German Village and south Columbus residents would like to reduce the granting of parking variances for new development, implement no- or limited-metered parking and prioritize residential parking access.

They also would like further study of evening and weekend parking conditions, expanded alternative forms of transportation and the promotion of off-street and shared parking.

Those are some of the comments made by residents of German Village, the Brewery District and other south Columbus neighborhoods during a May 1 workshop by the city of Columbus, seeking input on the parking situation.

Details of the conversation were released May 27 by the city's Strategic Parking Plan task force, which is looking at downtown Columbus, Franklinton, the University District and south Columbus neighborhoods.

The Strategic Parking Plan was launched in fall 2018 with consulting firm Kimley-Horn and Associates Inc., which focused on the four neighborhoods.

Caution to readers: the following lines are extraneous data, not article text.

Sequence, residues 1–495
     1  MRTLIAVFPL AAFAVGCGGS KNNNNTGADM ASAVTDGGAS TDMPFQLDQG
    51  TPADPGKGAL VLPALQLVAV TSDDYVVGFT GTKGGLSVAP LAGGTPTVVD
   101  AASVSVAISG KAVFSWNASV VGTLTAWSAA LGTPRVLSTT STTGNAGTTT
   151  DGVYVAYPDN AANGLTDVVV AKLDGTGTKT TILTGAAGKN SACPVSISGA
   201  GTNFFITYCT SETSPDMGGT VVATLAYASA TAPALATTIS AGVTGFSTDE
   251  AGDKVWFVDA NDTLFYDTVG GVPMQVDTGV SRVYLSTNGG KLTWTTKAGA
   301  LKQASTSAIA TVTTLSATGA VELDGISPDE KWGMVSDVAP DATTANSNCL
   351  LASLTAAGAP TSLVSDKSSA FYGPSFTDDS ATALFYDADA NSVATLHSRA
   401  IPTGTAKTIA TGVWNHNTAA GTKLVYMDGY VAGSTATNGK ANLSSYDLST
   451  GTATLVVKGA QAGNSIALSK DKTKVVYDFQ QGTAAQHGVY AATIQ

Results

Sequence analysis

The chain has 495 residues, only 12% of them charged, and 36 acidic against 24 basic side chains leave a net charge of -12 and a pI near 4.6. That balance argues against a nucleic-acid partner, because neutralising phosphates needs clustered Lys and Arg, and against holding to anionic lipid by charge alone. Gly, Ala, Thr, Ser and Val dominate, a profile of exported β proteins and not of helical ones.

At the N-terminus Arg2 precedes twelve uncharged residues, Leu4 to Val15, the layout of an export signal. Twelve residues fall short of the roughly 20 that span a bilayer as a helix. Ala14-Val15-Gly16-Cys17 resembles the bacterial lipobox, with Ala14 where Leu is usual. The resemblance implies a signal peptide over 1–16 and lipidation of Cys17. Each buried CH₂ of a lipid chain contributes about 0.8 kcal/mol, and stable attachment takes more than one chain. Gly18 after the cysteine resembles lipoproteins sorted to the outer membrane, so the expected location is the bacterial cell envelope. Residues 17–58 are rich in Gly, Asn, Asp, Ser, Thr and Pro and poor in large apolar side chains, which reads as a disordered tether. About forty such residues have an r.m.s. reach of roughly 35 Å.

The consultants have taken the feedback received from each of the four meetings and started forming recommendations for the final report that is due in August, said Michael Liggett, spokesman for the Columbus Department of Public Service.

The internal project-team members, comprising representatives of the consultant team and the city's parking-services division, acknowledged the potential overuse of parking variances, and there is a desire from those in south Columbus communities to see the city control overflow parking from downtown.

The team also acknowledged historic neighborhood character requires careful consideration when managing parking and access. It also noted limited off-street parking and a need for a parking plan framework, according to the findings.

Tim Bibler, a German Village resident who is a member of the parking task force, said he feels good about the process thus far.

"I thought they captured very well the concerns that were expressed and the thoughts that were expressed at the (May 1) meeting," said Bibler, who also is on a German Village Society parking task force.

No traffic changes are expected to be made before the first of the year, he said.

"Overall, (the Columbus) parking-services (division) has been very pleased with how this process has gone," Liggett said.

"While each of the public meetings varied in attendance, attendees provided great feedback and insight into their areas' unique challenges and concerns as it relates to on-street parking management. We look forward to seeing the results of the final report this August."